By Kristi Hedges August 17, 2017

How can leaders help employees find meaning at work?

Organizations spend considerable resources on corporate values and mission statements, but even the most inspiring of these — from Volvo’s commitment to safety to Facebook’s desire to connect people — tend to fade into the background during the daily bustle of the work day.

What workers really need, to feel engaged in and satisfied by their jobs, is an inner sense of purpose. As Deloitte found in a 2016 study, people feel loyal to companies that support their own career and life ambitions — in other words, what’s meaningful to them. And, although that research focused on millennials, in the decade I’ve spent coaching seasoned executives, I’ve found that it’s a common attitude across generations. No matter one’s level, industry or career, we all need to find a personal sense of meaning in what we do.

Making Work More Meaningful

Leaders can foster this inner sense of purpose — what matters right now, in each individual’s life and career — with simple conversation. One technique is action identification theory, which posits that there are many levels of description for any action. For example, right now I’m writing this article. At a low level, I’m typing words into a keyboard. At a high level, I’m creating better leaders. When leaders walk employees up this ladder, they can help them find meaning in even the most mundane tasks.

Regular check-ins that use five areas of inquiry are another way to help employees explore and call out their inner purpose. Leaders can ask:

What are you good at doing? Which work activities require less effort? What do you take on because you believe you’re the best person to do it? What have you gotten noticed for throughout your career? The idea here is to help people identify their strengths and open possibilities from there.

What do you enjoy? In a typical workweek, what do you look forward to doing? What do you see on your calendar that energizes you? If you could design your job with no restrictions, how would you spend your time? These questions help people find or rediscover what they love about work.

What feels most useful? Which work outcomes make you most proud? Which of your tasks are most critical to the team or organization? What are the highest priorities for your life and how does your work fit in? This line of inquiry highlights the inherent value of certain work.

What creates a sense of forward momentum? What are you learning that you’ll use in the future? What do you envision for yourself next? How’s your work today getting you closer to what you want for yourself? The goal here is to show how today’s work helps them advance toward future goals.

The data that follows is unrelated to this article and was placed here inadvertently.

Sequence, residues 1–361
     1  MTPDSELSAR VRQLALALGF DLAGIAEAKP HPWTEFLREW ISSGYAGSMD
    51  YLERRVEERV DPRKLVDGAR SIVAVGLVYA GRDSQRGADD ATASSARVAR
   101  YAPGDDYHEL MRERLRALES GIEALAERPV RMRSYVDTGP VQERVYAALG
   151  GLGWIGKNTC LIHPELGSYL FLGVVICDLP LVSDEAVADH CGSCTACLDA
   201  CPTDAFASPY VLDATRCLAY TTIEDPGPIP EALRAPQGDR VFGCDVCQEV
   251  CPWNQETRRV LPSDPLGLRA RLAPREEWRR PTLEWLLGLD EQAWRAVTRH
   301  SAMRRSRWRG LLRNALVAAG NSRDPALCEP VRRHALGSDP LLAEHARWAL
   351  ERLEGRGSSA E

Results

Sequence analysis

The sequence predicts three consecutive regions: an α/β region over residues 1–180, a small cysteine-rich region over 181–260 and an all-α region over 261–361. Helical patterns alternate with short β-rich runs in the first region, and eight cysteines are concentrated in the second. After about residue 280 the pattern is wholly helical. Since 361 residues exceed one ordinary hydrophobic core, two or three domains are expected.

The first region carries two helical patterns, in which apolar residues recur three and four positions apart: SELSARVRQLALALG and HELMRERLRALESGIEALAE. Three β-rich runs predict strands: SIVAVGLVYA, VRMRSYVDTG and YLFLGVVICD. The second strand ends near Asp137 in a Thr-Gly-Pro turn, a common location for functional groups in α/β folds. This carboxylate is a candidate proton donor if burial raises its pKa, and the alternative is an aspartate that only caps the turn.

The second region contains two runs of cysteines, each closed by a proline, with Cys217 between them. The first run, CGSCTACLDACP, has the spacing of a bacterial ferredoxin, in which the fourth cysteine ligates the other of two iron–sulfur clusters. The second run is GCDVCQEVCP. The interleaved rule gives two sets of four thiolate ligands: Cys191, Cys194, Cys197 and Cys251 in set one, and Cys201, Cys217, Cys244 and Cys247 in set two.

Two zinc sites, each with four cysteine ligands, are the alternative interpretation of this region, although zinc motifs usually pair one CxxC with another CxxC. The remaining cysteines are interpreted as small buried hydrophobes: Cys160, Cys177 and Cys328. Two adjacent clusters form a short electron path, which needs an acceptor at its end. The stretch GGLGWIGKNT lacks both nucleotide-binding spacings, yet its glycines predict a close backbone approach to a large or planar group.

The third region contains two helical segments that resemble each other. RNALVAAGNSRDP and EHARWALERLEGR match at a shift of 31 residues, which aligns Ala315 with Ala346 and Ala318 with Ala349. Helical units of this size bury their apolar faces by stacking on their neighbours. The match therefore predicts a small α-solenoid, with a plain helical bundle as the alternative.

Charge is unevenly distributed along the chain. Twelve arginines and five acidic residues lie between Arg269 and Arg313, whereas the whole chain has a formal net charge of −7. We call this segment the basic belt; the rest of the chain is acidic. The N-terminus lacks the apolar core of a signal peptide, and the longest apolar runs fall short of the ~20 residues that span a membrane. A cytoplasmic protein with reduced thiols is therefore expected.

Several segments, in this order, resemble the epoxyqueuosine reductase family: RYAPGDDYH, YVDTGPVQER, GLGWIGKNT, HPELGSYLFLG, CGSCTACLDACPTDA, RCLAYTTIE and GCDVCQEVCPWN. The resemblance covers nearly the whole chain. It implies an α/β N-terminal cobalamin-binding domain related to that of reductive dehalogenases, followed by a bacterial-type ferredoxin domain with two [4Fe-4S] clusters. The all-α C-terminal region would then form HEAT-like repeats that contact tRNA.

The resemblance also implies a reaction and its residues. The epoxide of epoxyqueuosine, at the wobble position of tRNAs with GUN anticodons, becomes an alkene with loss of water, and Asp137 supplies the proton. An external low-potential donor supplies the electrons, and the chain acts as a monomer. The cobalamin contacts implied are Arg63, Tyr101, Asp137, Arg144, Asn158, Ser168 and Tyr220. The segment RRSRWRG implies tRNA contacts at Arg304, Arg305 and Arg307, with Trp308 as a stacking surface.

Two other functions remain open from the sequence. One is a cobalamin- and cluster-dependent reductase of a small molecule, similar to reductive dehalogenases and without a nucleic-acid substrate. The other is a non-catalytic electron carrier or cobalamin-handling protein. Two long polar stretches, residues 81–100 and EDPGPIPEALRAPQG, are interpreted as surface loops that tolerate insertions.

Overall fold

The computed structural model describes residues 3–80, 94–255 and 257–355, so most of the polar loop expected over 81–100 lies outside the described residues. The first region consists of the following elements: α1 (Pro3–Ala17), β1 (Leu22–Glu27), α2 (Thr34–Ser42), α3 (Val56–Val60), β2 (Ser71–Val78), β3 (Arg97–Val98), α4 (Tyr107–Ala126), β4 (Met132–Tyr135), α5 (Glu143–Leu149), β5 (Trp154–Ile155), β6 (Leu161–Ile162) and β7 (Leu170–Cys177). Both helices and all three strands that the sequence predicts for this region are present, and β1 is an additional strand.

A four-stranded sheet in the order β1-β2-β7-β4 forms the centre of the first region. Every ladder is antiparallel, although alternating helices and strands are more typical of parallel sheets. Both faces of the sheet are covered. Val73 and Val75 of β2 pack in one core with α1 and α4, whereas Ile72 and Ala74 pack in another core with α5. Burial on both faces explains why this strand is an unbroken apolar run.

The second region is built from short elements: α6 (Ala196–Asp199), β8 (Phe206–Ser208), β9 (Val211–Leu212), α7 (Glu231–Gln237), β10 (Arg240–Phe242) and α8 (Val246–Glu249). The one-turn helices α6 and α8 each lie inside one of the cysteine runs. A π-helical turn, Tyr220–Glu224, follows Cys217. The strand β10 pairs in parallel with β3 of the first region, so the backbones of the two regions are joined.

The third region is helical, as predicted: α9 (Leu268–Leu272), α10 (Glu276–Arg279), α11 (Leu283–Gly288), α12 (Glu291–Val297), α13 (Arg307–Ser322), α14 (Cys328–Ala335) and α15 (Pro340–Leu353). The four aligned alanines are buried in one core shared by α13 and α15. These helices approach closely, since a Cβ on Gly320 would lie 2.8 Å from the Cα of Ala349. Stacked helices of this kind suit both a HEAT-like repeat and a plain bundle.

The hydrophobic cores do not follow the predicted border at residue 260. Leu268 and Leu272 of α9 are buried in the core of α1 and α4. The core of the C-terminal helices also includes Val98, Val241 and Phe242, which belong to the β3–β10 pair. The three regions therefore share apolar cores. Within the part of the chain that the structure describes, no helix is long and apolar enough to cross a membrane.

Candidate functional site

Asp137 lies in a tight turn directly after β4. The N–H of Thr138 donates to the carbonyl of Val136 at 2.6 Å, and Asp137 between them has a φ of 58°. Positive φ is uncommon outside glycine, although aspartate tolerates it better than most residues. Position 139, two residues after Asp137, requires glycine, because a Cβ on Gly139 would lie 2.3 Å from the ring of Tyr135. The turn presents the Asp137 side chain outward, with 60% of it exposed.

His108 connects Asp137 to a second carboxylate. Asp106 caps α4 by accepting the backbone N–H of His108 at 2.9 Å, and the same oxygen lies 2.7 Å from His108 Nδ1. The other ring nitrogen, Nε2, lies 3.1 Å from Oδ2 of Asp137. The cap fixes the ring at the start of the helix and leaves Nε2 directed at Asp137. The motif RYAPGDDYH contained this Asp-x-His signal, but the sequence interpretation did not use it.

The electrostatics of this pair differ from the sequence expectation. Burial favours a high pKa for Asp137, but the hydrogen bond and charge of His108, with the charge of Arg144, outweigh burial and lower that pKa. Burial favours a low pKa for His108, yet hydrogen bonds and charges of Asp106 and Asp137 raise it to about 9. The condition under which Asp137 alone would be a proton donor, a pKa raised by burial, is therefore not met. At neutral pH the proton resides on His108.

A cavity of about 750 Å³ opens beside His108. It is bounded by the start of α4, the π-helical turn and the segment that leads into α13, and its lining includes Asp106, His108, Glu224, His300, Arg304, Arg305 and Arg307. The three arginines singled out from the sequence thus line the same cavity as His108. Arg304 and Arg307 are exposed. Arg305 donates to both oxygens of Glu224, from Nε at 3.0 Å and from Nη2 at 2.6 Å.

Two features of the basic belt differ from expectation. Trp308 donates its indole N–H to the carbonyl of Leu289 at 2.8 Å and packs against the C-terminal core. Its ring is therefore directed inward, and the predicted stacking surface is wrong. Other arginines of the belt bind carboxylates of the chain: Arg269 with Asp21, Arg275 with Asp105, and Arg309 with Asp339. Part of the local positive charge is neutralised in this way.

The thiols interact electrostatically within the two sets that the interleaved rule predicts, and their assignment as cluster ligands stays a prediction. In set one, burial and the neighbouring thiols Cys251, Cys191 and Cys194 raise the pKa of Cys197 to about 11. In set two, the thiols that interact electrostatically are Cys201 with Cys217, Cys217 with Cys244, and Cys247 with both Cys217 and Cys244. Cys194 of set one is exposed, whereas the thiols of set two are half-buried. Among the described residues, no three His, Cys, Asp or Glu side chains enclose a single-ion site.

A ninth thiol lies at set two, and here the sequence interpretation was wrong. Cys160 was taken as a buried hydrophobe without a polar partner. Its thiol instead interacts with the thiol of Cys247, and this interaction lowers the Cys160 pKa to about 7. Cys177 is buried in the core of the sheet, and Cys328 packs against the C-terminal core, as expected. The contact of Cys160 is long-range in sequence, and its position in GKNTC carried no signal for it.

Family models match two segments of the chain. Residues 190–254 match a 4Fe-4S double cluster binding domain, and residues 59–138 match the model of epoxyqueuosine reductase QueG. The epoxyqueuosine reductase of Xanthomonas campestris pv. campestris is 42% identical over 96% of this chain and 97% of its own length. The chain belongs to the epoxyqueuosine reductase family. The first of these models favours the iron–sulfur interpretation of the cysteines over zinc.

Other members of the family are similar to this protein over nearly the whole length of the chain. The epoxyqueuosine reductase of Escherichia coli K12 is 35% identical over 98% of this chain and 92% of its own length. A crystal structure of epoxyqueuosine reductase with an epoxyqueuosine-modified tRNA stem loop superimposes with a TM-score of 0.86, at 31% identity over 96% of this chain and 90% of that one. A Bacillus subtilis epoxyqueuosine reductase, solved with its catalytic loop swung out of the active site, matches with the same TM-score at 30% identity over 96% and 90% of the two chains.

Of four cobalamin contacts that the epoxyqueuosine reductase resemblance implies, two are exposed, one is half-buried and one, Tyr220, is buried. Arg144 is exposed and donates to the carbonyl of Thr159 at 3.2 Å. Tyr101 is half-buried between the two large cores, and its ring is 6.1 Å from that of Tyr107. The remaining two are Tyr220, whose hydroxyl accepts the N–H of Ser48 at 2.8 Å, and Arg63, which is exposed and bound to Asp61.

How do you relate to others? Which working partnerships are best for you? What would an office of your favourite people look like? How does your work enhance your family and social connections? These questions encourage people to think about and foster relationships that make work more meaningful.


The Cognitive Principle Matrix supports the above questions to find meaning in work. It also says that while searching for meaning you will suffer. It is the combination of learning how to find meaning in the suffering and the work  that will ensure a successful outcome.

It is when you TRUST & RESPECT your abilities [based on knowledge, skill. experience and passion] and ACCEPT & COMMIT to a particular job, is when you find meaning.


  • You make mistakes and learn. Use forgiveness of yourself and others and move on.
  • You suffer and grow, don't blame yourself, others or circumstances. Grow courage, patience, calmness, self-control and assertiveness.
  • Unconditionally give to others, but with clear rules, boundaries and consequences, if they let you down.
  • Unconditional accept the risks, but stay focused on: "Who AM I, Now", "What do I Want" and "How do I Get it"
  • Have hope. That is, you might not know "How to get it", but you will get there in the end.
  • Unconditional meaning. Victor Frankl states that you will find meaning in three areas of your life, firstly, in your relationships, secondly in your work or thirdly, in your suffering. It is there, you just have to find it.

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